1. Jail standards establish the foundation for sound jail design and operation. A jail’s policies and procedures translate professional standards into daily operations. Training prepares employees to implement these procedures and thereby run a constitutional jail. Employee supervision ensures consistent implementation of procedures and high levels of performance for the overall agency.
2. Standards provide the basis for evaluating operations and measuring compliance. Jail managers agree that jail standards increase professionalism, reduce liability, improve operations, and increase consistency of jail operations.
3. Jail standards are relevant to jails of all sizes. While larger jails often have more resources for responding to the challenges they face, smaller facilities must find ways to deal with the same issues. Standards help managers in any size jail to anticipate the problems that may occur and prepare responses in advance.
In 2004, the working group that developed the fourth edition of ACA’s ALDFstandards also identified the need for a set of national minimum jail standards. At that time, ACA published only its “professional” standards, including the ALDF and a separate set of standards for small jails. The ALDF standards are anindicator of professional excellence and are worthwhile to meet, but the 2004 ALDF working group acknowledged that it is not necessary for all jails to operate at that level. The working group recommended that ACA discontinue the small jail standards and replace them with minimum standards that could be used by jails of all sizes.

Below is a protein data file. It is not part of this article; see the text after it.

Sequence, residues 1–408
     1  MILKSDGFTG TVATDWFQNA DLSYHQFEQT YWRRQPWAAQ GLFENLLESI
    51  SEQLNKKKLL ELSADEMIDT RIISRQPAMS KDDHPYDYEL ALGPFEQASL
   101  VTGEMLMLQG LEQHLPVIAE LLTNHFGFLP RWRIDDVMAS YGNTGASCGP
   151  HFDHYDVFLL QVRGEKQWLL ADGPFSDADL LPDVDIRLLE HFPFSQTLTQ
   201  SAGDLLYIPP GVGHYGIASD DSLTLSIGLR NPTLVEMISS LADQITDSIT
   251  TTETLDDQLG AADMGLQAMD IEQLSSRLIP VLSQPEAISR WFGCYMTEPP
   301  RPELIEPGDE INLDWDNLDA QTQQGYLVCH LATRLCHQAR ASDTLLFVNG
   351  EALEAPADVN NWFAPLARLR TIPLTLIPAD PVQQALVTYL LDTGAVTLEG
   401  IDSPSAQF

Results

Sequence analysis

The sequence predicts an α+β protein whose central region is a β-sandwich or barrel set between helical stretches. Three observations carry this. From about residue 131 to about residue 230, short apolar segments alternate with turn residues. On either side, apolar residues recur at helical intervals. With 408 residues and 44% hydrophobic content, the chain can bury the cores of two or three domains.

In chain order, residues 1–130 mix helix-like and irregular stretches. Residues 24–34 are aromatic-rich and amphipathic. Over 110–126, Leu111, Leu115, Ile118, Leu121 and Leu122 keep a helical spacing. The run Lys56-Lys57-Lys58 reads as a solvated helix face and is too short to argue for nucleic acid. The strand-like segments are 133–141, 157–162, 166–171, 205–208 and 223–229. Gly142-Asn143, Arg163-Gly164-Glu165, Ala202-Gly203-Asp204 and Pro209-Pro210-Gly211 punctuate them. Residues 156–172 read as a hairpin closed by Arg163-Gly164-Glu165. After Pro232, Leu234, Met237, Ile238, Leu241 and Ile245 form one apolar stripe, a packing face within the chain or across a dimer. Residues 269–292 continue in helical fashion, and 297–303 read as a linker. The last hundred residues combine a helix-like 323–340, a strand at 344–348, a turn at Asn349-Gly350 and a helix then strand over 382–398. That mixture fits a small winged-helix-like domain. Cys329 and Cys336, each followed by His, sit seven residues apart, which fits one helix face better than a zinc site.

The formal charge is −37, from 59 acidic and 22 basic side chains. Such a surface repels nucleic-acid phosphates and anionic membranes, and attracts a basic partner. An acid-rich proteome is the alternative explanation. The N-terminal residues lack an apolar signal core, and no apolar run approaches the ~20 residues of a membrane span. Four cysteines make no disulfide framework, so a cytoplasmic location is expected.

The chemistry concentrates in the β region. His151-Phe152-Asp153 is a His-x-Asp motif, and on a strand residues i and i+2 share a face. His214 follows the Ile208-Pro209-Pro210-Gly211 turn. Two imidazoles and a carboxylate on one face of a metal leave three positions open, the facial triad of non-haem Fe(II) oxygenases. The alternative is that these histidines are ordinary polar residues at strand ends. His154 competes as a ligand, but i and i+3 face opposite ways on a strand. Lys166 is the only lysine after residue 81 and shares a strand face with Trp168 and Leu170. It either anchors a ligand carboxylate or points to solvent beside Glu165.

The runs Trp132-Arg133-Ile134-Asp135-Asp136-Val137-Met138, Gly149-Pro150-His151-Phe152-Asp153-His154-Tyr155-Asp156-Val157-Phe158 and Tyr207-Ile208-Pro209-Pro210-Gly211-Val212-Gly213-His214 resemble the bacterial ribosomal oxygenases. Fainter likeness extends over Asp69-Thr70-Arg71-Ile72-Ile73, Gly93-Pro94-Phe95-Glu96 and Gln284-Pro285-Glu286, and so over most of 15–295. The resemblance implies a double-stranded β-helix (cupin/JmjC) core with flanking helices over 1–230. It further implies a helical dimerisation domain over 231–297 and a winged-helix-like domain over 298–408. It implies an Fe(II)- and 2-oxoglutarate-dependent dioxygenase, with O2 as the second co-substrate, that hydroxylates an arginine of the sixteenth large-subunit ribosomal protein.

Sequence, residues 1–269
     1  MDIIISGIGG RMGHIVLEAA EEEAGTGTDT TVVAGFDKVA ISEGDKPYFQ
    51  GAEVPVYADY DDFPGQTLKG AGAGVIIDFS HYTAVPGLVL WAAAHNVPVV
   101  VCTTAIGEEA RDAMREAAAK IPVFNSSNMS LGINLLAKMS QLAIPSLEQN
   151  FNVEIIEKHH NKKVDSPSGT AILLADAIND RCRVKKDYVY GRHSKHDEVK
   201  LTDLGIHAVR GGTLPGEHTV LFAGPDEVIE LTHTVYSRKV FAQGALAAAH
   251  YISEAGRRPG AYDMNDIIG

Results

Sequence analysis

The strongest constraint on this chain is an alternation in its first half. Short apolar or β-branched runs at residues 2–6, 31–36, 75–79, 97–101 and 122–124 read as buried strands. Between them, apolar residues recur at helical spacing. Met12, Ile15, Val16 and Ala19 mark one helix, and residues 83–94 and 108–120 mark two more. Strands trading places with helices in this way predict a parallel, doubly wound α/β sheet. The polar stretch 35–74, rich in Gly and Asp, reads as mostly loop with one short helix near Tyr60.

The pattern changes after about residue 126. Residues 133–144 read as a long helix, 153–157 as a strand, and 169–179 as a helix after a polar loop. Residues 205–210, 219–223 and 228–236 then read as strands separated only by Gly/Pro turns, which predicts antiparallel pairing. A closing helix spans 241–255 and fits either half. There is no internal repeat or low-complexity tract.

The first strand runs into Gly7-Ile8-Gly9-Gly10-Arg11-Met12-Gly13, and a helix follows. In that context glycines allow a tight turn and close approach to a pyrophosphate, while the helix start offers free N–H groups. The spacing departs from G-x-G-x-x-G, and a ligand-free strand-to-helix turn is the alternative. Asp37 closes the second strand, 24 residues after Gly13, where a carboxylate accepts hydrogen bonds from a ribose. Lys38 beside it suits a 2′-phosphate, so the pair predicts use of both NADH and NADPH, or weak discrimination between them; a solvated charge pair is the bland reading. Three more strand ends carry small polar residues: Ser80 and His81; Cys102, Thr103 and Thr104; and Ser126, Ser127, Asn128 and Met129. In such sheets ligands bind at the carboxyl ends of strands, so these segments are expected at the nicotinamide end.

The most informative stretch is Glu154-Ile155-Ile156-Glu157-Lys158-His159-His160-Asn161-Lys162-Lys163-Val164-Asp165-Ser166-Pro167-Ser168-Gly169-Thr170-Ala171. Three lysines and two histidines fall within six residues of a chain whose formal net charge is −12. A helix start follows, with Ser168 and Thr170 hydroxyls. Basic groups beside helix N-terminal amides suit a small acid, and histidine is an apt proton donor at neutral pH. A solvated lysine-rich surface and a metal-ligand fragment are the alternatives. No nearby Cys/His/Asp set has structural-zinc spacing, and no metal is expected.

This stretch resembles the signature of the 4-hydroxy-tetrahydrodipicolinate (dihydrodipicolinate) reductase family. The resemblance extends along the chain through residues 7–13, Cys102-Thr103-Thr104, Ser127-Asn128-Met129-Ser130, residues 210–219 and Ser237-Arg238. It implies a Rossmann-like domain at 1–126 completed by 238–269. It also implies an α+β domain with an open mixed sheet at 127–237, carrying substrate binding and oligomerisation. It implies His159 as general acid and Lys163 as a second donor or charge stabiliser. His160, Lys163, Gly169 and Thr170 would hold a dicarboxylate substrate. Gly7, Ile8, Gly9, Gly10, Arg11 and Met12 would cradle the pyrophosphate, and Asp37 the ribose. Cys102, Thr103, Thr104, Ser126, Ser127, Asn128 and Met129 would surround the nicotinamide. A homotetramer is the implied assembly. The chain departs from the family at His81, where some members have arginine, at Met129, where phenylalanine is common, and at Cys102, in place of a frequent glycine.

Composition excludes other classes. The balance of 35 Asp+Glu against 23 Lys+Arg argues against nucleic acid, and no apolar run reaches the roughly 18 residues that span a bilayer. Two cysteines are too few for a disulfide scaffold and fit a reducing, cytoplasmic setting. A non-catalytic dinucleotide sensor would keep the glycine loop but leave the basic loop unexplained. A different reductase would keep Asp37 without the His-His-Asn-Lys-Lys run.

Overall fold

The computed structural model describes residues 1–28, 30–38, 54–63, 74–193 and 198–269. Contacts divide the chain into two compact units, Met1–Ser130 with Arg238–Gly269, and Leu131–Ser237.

The needed standards would incorporate the essential nuggets of the ALDF standards, elements of states’ jail standards, and court-defined indicators of constitutional levels of operation.
Dozens of stakeholders donated hundreds of hours of labor to create the Core Jail Standards (see Table). Contributors are recognized at the end of this article. They include the 2004 working group already mentioned. A 2008 team later worked very hard to produce an initial version of the Core Jail Standards. The standards were field-tested, and a 2009 working group completed a revised version.